Yesterday a group consisting mainly of “American service members or family members of soldiers killed in Iraq” filed a lawsuit in Brooklyn that accuses some of the biggest banks in the world of financing terrorism. As DealBook reported, the lawsuit cites “more than 50 attacks on American citizens stationed or working in Iraq during the war… accus[ing] the banks of helping to finance the violent activities through their ties to Iran.”
For HSBC, one of the five banks named in the suit (Barclays, Standard Chartered, the Royal Bank of Scotland, and Credit Suisse were the others), the lawsuit follows a settlement with the Justice Department in 2012 that resulted in a $1.9 billion fine.
According to a Matt Taibbi blockbuster in Rolling Stone, HSBC, indirectly and directly, laundered hundreds of millions of dollars for entities that included Mexican drug cartels, Al Qaeda, Hezbollah, Russian gangs, Iran, and North Korea.
While the case was not the first by the DOJ to be resolved with an exclusively financial settlement without criminal prosecution, it was notable for the DOJ’s explicit statement of its reasoning that “had the U.S. authorities decided to press criminal charges… HSBC would almost surely have lost its banking license in the U.S., the future of the institutions would have been under threat and the entire banking system would have been destabilized.”
That’s strong language from the Justice Department, which all but apologizes for not prosecuting a criminal case it clearly believes it could have won.
“Our goal here is not to destroy a major financial institution,” said then Assistant Attorney General Lanny Breuer.
The DOJ was heavily criticized for deciding not to indict HSBC, pursuing criminal prosecution, and charge any top HSBC executive despite its repeated gross violations and raised questions about the governments ability to prosecute criminal behavior by institutions that have grown too large and systemically critical to indict.
And one of the people chiefly responsible for that decision is none other than President Obama’s pick to head the Department of Justice, Brooklyn US Attorney Loretta Lynch.
Ms. Lynch said the bank had ignored “numerous red flags and warnings about the money laundering risks” but some identified a more serious problem. Former New York Attorney Eliot Spitzer told Rolling Stone, “you can’t make up more egregious money-laundering that permeated an entire institution.”
Ms. Lynch’s connection to the new lawsuit raises questions for Republican lawmakers eager to see a radical change from the status quo at Eric Holder’s Justice Department, which is known for extracting enormous fines from financial institutions (enormous to some but not for others) but nearly zero criminal convictions.
The Attorney General’s long and weary term has been marked by several high-profiles scandals for the Justice Department, from its suspicious dealing with the IRS email scandal to the outright debacle of Operation Fast and Furious. This legacy has not remained isolated to Attorney General Holder’s term. White House Counsel, Kathryn Ruemmler, rumored to have been on the shortlist for Holder’s replacements, was passed over, some speculate, because of worries that her involvement in the same scandals would stir up Republican lawmakers, preventing a successful confirmation process.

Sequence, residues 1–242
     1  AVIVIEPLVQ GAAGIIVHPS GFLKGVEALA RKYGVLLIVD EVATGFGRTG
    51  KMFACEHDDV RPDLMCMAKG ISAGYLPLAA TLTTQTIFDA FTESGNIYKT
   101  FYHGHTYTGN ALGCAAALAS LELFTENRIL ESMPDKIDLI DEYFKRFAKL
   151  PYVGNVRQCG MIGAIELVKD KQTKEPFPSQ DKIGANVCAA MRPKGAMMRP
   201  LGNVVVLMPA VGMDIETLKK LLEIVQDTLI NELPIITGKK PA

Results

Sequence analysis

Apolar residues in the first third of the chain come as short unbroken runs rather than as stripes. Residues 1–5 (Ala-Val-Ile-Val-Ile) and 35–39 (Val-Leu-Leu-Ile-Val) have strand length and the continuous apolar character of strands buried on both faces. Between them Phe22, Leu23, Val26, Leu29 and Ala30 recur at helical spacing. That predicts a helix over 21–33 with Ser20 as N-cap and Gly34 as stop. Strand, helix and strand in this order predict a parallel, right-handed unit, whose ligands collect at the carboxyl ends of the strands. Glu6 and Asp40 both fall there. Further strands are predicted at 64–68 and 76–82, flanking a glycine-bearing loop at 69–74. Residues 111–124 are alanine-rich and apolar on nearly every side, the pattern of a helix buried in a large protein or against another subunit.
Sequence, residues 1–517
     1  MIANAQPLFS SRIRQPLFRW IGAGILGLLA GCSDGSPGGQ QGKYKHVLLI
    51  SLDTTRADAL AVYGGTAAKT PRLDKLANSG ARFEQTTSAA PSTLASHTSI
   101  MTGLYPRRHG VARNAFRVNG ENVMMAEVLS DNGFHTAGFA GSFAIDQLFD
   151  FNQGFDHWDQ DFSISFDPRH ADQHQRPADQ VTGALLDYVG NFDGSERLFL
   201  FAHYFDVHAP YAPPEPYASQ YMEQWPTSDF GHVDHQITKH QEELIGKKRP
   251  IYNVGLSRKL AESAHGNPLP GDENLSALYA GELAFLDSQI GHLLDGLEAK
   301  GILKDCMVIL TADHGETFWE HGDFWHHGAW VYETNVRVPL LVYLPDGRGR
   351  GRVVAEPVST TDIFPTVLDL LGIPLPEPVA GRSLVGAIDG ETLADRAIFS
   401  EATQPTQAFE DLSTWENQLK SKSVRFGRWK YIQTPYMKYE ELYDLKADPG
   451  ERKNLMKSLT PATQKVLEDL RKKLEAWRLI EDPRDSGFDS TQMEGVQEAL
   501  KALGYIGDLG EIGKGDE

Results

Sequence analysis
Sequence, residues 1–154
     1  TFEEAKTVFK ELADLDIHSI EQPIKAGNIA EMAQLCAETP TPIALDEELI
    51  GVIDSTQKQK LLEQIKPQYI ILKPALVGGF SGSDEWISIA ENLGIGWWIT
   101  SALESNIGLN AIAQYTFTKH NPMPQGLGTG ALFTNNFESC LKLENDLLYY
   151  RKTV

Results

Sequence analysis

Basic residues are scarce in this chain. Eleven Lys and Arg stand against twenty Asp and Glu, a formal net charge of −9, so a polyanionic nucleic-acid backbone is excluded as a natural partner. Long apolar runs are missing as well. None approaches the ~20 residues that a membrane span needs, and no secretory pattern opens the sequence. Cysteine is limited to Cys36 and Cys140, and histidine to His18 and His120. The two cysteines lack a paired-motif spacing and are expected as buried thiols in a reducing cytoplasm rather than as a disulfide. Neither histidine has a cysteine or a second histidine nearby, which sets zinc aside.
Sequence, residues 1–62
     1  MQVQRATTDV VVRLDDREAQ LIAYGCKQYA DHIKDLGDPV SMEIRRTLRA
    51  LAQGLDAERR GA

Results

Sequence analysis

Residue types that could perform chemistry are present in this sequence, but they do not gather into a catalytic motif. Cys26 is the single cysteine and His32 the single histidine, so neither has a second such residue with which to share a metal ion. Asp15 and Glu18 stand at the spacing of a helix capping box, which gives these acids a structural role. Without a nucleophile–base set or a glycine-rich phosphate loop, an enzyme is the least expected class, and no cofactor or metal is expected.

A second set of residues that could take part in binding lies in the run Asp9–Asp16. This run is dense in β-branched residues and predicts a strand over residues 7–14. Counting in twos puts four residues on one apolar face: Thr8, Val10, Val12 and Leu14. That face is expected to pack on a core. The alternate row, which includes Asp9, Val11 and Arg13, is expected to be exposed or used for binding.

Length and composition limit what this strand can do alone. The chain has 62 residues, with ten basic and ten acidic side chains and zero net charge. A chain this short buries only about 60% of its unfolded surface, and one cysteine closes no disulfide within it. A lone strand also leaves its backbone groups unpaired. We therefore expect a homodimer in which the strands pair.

Widely seen as apolitical and supremely competent and with her two previous successful Senate confirmations suggesting bipartisan palatability, Ms. Lynch and her nomination has elicited a cautious, but positive reaction.
Senator Mitch McConnell (R-KY) said in a statement that Ms. Lynch’s “nomination should be considered in the new Congress through regular order,” when Senator McConnell is expected to be majority leader of the Republican-controlled Senate.
Senate Judiciary Committee Ranking Member Chuck Grassley (R-IA) added in a statement, “I have every confidence that Ms. Lynch will receive a very fair, but thorough, vetting by the Judiciary Committee.”
While US Attorney Lynch’s nomination has largely been seen as an astute political selection, Republican lawmakers may still seize the confirmation process as an opportunity to criticize the president’s use of executive power, especially regarding immigration, and further investigate the lingering scandals and criticisms surrounding the Justice Department under Mr. Holder’s tenure, especially if her nomination cannot be confirmed before the new year, as is likely to be the case.
A confirmation process that is more prolonged and difficult than expected may bring up the more general issue about Ms. Lynch’s capacity to, as Mr. Grassley put it, “restore confidence in the Attorney General as a politically independent voice for the American people.”
Loretta Lynch shouldn’t have to answer for Mr. Holder’s decision making. And while her supporters may say that it was Washington calling the shots on HSBC, the toughest questions Ms. Lynch may face could revolve around her involvement in the decision not to pursue criminal charges against the bank, a bank that her own office accused of egregious financial acts and which now stands accused of even greater treachery.